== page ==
When Clearview boys’ basketball coach Rob MacKerchar walked into the locker room at halftime of Tuesday’s game, his team already knew what the message was going to be.


That’s how the Pioneers have approached things all year long, never taking any lead, moment or experience for granted. But after easing past Southern Regional, 69-52, in its Group 4 opener, this Clearview group can claim something that no other team in school history can: 18 wins in a season.

The Pioneers, who will continue their run Thursday night against Lenape, ended a drought of postseason victories that dated back more than a decade, and got an extra special moment in the process as senior Justin McNichols, the school’s all-time leading scorer, turned in 32-point performance in perhaps his final home game.

“We always joke that when Justin has big games, they’re usually very quiet,” MacKerchar said. ”[Against Southern], everybody knew he wanted the ball. … He’s unselfish, sometimes to a fault, but he realized that’s what needed to happen, and he needed to go make plays.”

Clearview’s postseason run ended Thursday in a 72-40 loss to Lenape.

McNichols, who told reporters after the Southern game that this team is “setting the bar high,” has been a part of the team’s evolution behind MacKerchar.

Clearview senior Justin McNichols stretches before the game vs. Lenape.
TOM GRALISH / Staff Photographer
Clearview senior Justin McNichols stretches before the game vs. Lenape.

The season before the two arrived at Clearview four years ago, the Pioneers finished 5-19. They hadn’t turned in a season above .500 since 2013-14.

Even then, it was a slow build.

The first year, in 2016-17, Clearview ended its season with six straight losses and a 7-17 record. The next year, the Pioneers made the postseason but exited in the first round — just as they did yet again last winter.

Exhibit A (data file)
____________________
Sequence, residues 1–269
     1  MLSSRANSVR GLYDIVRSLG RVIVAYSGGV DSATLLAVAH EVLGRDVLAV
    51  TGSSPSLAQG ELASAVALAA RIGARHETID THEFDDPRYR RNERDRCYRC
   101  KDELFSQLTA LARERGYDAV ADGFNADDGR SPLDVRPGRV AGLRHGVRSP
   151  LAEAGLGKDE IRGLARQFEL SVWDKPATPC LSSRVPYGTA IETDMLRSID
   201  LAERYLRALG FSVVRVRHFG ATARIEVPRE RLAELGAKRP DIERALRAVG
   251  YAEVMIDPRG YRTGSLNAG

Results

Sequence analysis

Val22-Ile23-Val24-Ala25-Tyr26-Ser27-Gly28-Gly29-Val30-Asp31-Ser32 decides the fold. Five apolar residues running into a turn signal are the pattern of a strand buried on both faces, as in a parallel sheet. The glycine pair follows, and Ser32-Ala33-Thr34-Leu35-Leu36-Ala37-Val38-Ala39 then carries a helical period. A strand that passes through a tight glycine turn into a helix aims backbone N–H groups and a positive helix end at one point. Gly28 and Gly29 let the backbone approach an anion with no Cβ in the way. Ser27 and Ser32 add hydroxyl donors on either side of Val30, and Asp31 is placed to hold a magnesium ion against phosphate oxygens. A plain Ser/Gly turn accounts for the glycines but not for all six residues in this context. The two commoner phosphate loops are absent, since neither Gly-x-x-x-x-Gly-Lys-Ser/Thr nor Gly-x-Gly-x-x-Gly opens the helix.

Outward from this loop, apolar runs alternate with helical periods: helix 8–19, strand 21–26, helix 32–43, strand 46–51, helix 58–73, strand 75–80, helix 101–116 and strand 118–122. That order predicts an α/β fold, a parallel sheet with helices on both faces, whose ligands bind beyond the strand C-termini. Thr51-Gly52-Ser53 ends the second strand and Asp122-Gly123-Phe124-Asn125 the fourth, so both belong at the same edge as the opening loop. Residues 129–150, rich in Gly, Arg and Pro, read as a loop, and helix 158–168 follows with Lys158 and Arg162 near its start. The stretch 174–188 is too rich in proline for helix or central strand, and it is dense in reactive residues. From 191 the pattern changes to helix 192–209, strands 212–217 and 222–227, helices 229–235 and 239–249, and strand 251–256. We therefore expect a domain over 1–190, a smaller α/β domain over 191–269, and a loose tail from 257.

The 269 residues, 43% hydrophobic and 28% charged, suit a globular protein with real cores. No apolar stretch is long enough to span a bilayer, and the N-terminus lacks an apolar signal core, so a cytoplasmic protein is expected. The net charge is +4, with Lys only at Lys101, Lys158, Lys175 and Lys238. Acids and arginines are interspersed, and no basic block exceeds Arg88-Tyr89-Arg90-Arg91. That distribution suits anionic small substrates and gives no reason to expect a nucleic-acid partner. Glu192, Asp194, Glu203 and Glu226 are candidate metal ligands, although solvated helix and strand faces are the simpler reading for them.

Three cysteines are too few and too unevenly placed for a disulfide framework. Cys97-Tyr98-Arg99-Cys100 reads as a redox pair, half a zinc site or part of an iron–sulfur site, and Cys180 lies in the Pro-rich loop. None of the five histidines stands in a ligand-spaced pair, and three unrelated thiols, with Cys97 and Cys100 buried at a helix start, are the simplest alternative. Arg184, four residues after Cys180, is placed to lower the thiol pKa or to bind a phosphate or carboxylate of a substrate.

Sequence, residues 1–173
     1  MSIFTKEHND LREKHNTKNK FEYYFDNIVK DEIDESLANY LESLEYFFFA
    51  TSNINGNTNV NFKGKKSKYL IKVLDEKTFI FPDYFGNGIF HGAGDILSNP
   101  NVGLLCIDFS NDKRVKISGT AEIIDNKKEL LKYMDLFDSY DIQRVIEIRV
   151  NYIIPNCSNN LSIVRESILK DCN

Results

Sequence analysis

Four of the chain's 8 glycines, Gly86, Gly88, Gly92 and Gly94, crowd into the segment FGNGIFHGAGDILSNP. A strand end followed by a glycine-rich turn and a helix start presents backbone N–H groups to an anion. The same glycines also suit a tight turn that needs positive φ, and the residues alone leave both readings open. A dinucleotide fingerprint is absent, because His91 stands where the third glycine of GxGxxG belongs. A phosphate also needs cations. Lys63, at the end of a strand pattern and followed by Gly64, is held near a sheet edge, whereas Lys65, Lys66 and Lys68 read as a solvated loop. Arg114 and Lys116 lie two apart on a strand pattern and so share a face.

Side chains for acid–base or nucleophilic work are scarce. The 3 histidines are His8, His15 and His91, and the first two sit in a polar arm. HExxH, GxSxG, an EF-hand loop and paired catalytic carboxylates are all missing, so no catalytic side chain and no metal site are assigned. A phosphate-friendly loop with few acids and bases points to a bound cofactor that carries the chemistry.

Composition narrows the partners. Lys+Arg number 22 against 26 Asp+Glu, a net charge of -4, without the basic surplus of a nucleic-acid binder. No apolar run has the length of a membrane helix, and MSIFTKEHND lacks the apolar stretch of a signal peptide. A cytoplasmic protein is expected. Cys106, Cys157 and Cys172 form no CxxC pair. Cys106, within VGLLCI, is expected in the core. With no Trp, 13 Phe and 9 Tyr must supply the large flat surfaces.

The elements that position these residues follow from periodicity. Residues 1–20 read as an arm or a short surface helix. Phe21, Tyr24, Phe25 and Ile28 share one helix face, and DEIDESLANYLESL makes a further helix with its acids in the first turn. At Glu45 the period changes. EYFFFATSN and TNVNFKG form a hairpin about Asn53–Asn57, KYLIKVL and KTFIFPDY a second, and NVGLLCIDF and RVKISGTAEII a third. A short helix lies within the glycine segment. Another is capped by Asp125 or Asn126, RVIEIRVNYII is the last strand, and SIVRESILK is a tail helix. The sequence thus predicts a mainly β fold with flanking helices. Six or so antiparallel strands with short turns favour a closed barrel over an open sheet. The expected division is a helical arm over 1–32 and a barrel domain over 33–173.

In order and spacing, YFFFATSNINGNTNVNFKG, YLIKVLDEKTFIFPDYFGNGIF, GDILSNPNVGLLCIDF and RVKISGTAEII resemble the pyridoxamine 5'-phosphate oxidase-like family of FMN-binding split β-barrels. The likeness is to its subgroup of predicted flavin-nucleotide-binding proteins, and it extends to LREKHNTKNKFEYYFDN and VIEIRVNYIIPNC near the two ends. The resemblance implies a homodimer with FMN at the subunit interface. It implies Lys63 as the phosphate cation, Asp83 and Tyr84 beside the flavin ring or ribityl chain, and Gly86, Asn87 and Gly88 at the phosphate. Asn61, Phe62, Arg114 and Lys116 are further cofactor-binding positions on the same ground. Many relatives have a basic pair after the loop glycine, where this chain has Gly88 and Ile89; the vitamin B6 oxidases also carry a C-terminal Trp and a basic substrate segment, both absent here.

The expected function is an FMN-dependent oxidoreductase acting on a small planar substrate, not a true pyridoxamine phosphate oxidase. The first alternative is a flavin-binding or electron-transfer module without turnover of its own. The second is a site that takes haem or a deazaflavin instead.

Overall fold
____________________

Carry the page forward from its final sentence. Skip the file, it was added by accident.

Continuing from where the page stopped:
Neither MacKerchar nor his veteran-laden group had to mention their previous failures, though, going into Tuesday night.

“They really approached this year like it was a whole new fresh start,” MacKerchar said. “I just try to remind them that what we prepare for every day has gotten us here, and what happened last year, or even last month, is irrelevant.”

That doesn’t mean MacKerchar ignores what could have been. The Pioneers had some impressive talent in their own backyard, most notably Noah Collier, who wound up opting to play for Westtown and is now committed to Pittsburgh.

There were also the Delaney brothers: Tim, now a redshirt junior at Villanova, played three years at Pitman before transferring to Blair Academy, and Matt chose St. Augustine.

Andrew Delaney, the middle of the three boys, played two seasons at Clearview before departing for the private-school ranks. He spent one year at Blair and then another with Matt at St. Augustine and is now a freshman at Adelphi.

Maybe the Pioneers may have broken through long before now. Or maybe not.

“You always want to have more talent,” MacKerchar said. “But what I’ve learned in the four years I’ve been here is how important chemistry is, too, and I don’t want to assume that things would be better if any one player had stayed. … Justin wouldn’t have been the player he’s become if he wasn’t forced to be. He’s risen to the occasion.”